Estimated Annual Soap & Toiletry Waste (2014)

UK Serviced Accommodation Sector - Soap & Toiletry Waste Estimate (2014).001

Below follows an extract from an original article posted on Green Hotelier’s website (November 2009):

Why reduce waste?

It is increasingly difficult and expensive to dispose of waste
A hotel guest generates about 1kg (2lb) of waste per night, more than half of it in paper, plastic and cardboard. In addition to negative environmental impact, as landfill capacity diminishes, so the cost of waste disposal becomes more expensive. In the UK, for example, landfilling costs are now £48 per tonne (1.1 tons) compared to £18 a tonne in 2005.

It creates huge environmental problems
Landfilling not only takes up valuable land space but causes air, water and soil pollution, discharging carbon dioxide (CO2) and methane into the atmosphere and chemicals and pesticides into the earth and groundwater. In addition, waste often has to travel long distances to the landfill site, consuming fuel and contributing to greenhouse gas emissions.

To meet tougher government legislation
National and local governments are introducing more stringent requirements with regards to waste disposal to landfill and recycling, and the hotel industry must respond to these high green standards.

It is an inefficient resource use
Often it is more resource-efficient to make new products by recycling rather than starting from scratch. For example, recycling used aluminium tins into new tins requires 95% less energy than processing bauxite ore into aluminium. Many discarded materials, such as furniture and food, also have value.

It makes good business sense

  • When supplies are used more efficiently, it saves money on raw materials.
  • Income can be generated by selling old equipment and reusing or recycling valuable waste materials.
  • Waste disposal costs fall as the amount of waste you produce decreases.

Pat Maher, a former hotel executive now serving as an environmental consultant to the American Hotel and Lodging Association, says that good waste management and recycling is an effective public relations tool, because it shows a dedication to corporate responsibility with environmental policy. “Doing in-room recycling is important because the guest sees that,” he says. Also, by removing paper, plastic and other recyclables from their waste, hotels can trim their disposal bill by as much as 50% — a significant savings in cities where waste removal is expensive. “In New York City, it’s not unusual to have a $100,000-a-year waste bill,” says Maher, “and if you can cut that by $50,000, that’s a big deal to the operator of a hotel.”

Managing your waste in a sustainable manner

There are several options for managing your waste in a more sustainable manner and the waste hierarchy, outlined in the EU Waste Directive, provides a very useful routemap to encourage better practice:

  • prevention;
  • preparing for reuse;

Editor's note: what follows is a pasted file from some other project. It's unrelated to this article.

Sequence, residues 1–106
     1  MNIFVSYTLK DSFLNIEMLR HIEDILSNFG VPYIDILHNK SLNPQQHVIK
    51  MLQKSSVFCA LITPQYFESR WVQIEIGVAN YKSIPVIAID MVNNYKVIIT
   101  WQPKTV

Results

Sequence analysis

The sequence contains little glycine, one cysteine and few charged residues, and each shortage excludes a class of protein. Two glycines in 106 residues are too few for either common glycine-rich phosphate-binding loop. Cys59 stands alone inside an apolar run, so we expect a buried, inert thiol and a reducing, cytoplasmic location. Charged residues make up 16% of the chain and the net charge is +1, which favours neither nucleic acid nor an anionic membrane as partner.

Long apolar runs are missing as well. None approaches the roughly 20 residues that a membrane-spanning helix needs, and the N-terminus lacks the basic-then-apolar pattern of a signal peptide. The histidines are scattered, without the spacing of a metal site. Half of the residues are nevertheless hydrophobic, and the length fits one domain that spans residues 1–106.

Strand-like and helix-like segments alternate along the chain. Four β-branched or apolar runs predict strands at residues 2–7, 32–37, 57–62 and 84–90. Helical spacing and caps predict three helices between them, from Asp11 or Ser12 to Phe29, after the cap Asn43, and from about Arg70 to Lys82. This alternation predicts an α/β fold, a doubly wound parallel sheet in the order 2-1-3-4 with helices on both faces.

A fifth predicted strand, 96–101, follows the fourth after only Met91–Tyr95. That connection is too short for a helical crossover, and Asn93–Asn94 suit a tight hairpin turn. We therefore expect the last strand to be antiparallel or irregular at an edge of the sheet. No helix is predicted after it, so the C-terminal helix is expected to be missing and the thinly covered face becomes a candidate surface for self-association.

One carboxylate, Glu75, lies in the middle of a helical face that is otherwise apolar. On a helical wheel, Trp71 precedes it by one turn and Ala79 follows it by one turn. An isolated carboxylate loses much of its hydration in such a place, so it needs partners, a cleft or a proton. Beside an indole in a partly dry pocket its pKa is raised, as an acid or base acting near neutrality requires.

• recycling (including composting);
  • other recovery (including energy recovery); and
  • disposal.

Business waste disposal is usually subject to different rules to household waste and you may not be able to use public amenity sites. Make sure you comply with waste legislation, including correctly handling waste, keeping the right documentation and only using licensed contractors.

Considerations when using a waste contractor

  • Waste contractor costs can vary significantly so shop around.
  • A good waste contractor will understand the complexities of waste management and be able to offer advice on the most environmentally friendly and cost-efficient methods of disposal.
  • Compacting waste will reduce the number of collections required and may make storing easier so find out if it is sensible for your types of waste.
  • Make sure you are charged for the weight of waste, not the number of collections.
  • Ask about market fluctuations for certain waste types and the policy adopted when price falls.
  • Find out whether the contractor will give you a percentage of the recycling profit.

1. Carry out a waste audit
Identify where the hotel is creating waste and quantify the recyclable materials that are currently discarded. For each department, list all the items you dispose of, the disposal method, the cost and the quantities involved.

2. Set priorities and goals
Once you’ve identified where to focus your efforts, set priorities and goals, such as ordering fewer supplies, reducing disposal costs or generating revenue from waste materials.

3. Implement the programme
Include staff at all stages so that they understand and support the scheme. Provide incentives and rewards to individuals who offer waste-saving ideas or make a significant contribution to the programme. Educate guests about your recycling and environmental policies and communicate your priorities to suppliers.

4. Monitor, evaluate and fine-tune
Set criteria for monitoring and evaluating the programme, and decide how frequently to measure progress. Areas you may want to evaluate include:

  • savings in purchases;
  • reduction in operating costs;
  • reduction in disposal and recycling costs;
  • increase in recycled-content purchases;